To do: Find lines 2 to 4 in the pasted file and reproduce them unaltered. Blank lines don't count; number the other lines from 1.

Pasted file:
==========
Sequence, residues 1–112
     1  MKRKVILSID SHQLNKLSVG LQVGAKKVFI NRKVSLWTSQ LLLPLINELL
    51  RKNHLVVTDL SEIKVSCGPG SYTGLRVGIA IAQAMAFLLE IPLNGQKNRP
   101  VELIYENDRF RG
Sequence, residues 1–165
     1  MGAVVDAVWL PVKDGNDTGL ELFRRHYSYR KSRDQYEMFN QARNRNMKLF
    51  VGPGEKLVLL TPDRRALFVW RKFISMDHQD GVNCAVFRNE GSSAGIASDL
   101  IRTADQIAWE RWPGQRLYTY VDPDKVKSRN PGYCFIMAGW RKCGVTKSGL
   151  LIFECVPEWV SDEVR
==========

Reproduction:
     1  MKRKVILSID SHQLNKLSVG LQVGAKKVFI NRKVSLWTSQ LLLPLINELL
    51  RKNHLVVTDL SEIKVSCGPG SYTGLRVGIA IAQAMAFLLE IPLNGQKNRP
   101  VELIYENDRF RG